The insurance provider has signed off on a $30,000 settlement of a claim against the City of Searcy alleging gender-based discrimination in pay.

The majority of the voters in Conway decided issuing bonds for the improvement of the city's parks and recreation system is a good idea.

Criaghead County will build a new lake near Bono as a result of this week’s election.

The state Court of Appeals has upheld the conviction of Lloyd Lee Holt, who was sentenced to a year in jail after his 10-year-old daughter died in a fire while chained to her bed. A Johnson County jury found Teresa Dick guilty of manslaughter and first-degree false imprisonment and sentenced her to 14 years in prison.

A Benton County man who pleaded guilty to sexual and carnal abuse of minors should have his conviction expunged because the crimes occurred before a 1999 law went into effect to keep such records on the books, the state Court of Appeals ruled.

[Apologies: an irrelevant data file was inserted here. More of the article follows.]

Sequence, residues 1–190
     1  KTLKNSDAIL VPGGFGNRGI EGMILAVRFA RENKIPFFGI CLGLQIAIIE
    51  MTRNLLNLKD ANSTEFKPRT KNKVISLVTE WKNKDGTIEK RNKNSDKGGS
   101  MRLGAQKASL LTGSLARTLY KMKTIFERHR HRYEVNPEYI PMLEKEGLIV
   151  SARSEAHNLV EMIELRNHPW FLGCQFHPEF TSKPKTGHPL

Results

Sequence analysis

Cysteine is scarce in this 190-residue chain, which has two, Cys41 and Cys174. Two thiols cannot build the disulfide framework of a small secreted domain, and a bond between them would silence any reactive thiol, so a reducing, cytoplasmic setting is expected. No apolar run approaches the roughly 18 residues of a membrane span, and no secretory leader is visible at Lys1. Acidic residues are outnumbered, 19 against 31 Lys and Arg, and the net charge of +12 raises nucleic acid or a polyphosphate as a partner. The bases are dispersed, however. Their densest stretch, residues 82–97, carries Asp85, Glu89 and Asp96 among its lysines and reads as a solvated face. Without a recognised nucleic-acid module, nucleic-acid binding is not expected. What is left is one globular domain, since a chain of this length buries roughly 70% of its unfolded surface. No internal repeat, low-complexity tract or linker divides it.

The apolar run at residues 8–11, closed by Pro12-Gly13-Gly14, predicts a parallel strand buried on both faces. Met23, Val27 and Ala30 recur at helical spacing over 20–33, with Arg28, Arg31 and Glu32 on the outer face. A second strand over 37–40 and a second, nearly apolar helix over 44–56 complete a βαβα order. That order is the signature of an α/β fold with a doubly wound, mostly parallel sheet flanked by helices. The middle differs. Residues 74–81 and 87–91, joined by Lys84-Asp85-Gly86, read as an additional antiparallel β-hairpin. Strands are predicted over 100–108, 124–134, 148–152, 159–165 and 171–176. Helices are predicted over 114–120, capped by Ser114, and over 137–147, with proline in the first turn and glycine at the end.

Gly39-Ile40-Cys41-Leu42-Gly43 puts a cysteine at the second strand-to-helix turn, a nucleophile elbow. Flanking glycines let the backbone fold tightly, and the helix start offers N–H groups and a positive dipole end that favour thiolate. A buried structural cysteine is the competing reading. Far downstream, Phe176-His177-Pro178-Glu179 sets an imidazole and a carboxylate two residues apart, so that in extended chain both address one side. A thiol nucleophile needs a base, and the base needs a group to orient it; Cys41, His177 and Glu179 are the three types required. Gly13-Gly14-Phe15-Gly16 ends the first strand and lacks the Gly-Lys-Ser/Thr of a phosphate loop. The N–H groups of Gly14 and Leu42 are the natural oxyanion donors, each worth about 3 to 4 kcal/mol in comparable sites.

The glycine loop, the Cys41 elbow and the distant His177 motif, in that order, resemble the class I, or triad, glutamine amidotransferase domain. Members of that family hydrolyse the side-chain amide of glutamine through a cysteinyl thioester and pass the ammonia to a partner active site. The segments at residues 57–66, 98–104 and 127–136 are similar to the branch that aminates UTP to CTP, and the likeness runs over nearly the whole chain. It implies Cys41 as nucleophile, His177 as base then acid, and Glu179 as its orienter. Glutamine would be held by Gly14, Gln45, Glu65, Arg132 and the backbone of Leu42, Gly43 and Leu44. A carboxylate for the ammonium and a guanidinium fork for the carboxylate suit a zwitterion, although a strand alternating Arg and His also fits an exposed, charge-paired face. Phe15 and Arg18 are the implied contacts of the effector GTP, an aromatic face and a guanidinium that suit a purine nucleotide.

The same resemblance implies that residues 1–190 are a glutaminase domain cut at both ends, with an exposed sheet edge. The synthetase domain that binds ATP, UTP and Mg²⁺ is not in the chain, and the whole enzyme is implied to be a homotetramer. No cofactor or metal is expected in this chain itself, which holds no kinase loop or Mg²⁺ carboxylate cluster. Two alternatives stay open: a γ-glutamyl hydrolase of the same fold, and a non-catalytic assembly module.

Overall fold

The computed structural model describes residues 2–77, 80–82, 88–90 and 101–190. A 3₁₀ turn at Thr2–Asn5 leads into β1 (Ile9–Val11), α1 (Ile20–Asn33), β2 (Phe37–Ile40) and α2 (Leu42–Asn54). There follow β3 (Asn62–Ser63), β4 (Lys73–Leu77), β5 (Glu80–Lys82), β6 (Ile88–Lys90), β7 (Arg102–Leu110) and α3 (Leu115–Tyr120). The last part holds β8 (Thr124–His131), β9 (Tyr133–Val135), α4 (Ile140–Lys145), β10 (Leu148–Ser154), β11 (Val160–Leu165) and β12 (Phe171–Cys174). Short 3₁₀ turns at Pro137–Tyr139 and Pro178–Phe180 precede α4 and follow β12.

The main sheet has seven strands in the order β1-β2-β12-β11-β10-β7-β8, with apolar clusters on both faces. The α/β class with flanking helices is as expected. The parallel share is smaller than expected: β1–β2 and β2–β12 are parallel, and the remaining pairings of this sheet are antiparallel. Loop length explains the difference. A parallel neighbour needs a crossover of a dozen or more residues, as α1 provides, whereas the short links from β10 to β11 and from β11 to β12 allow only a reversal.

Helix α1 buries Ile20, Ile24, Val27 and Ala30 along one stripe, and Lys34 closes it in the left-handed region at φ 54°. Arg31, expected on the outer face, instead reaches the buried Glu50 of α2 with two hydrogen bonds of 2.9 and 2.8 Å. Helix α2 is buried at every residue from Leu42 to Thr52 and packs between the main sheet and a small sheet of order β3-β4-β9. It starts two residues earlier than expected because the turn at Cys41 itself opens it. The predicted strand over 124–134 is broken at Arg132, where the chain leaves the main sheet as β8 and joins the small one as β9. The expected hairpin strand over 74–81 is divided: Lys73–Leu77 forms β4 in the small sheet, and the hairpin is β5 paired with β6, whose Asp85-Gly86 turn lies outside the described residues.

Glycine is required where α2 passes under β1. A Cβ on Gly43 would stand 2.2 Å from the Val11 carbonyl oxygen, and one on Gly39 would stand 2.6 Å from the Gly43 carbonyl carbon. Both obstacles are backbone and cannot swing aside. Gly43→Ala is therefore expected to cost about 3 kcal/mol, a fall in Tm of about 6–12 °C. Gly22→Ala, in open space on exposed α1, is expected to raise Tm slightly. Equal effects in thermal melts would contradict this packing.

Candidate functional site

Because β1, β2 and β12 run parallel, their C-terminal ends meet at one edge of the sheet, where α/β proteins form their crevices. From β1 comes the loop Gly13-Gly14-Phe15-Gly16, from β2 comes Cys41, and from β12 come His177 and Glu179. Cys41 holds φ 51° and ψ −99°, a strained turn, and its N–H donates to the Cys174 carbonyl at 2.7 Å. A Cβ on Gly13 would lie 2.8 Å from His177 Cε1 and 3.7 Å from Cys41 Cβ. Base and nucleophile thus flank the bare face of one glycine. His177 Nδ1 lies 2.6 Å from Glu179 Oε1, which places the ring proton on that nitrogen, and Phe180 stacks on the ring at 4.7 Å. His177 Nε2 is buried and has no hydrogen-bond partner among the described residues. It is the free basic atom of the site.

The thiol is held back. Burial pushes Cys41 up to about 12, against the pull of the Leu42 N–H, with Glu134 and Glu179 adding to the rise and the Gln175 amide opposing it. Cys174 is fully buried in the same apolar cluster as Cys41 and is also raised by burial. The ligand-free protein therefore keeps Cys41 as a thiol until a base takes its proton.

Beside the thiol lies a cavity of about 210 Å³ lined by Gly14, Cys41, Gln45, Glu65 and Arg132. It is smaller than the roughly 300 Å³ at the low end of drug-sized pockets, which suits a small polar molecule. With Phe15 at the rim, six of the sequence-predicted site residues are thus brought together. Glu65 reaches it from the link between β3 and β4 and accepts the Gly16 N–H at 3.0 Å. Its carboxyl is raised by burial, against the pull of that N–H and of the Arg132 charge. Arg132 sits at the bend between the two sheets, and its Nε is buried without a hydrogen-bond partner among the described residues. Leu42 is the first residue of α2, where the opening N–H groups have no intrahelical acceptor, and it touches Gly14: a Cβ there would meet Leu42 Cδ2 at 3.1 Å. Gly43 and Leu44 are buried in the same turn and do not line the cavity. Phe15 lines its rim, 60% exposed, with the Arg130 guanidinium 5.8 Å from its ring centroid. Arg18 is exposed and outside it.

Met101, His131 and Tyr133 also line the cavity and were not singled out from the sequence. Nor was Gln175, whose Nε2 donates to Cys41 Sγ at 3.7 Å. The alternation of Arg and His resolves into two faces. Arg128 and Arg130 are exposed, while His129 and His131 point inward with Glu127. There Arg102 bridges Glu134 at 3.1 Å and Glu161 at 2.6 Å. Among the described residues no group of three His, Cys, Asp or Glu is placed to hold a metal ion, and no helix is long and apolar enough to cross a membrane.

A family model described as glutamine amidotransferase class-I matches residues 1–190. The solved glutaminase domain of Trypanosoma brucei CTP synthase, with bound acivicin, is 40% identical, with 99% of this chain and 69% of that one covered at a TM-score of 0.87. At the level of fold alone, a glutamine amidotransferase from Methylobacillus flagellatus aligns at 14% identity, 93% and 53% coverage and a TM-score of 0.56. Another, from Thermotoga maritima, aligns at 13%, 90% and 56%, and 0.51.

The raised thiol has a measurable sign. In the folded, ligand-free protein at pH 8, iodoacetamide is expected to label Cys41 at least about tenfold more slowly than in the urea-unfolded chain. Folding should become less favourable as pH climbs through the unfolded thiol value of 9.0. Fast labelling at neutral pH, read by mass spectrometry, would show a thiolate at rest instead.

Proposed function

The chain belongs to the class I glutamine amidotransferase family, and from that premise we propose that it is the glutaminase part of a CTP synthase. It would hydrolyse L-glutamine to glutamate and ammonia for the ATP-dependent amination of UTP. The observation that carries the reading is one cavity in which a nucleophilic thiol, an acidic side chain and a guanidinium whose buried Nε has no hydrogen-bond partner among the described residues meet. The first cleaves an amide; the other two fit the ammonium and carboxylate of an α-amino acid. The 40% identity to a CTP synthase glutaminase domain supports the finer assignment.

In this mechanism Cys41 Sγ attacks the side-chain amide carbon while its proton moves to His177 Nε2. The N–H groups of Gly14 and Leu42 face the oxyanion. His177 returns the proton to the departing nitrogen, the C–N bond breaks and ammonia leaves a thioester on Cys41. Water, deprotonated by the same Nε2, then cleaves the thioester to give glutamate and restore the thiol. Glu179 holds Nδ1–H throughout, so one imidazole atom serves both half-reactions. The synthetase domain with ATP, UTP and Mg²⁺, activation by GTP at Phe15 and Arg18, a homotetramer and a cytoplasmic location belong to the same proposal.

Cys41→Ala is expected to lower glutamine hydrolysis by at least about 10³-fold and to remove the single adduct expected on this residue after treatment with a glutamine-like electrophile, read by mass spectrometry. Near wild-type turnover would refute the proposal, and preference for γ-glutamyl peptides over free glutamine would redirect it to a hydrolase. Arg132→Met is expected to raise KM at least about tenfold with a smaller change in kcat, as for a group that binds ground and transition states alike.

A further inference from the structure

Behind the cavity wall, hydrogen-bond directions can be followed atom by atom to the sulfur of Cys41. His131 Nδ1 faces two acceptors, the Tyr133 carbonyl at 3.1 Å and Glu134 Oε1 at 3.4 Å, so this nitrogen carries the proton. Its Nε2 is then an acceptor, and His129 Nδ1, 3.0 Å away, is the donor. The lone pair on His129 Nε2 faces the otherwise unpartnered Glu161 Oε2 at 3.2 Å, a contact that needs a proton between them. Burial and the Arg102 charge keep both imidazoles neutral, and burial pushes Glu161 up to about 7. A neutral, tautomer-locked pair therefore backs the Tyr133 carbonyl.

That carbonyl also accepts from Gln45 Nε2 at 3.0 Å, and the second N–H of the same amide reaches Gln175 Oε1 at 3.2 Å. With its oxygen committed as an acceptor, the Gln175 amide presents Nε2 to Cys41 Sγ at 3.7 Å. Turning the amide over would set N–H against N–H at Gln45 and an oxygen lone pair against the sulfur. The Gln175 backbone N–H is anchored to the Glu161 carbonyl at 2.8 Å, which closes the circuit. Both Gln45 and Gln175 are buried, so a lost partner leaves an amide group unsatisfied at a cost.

The trial of the man accused of killing his beauty queen girlfriend has been moved. Kevin Jones, charged in the 2005 murder of Nona Dirksmeyer, will be tried in Franklin instead of Pope County. The defense called a half-dozen or so witnesses during a hearing in Russellville, including a Courier reporter who ran from Channel 7’s cameras after she testified to posting about the Dirksmeyer case on crime message boards under an assumed name.

The Arkansas State Police have arrested three Holly Grove men and are searching for a fourth in the June 3 vandalism of City Hall and the burning of two police cars in the east Arkansas town.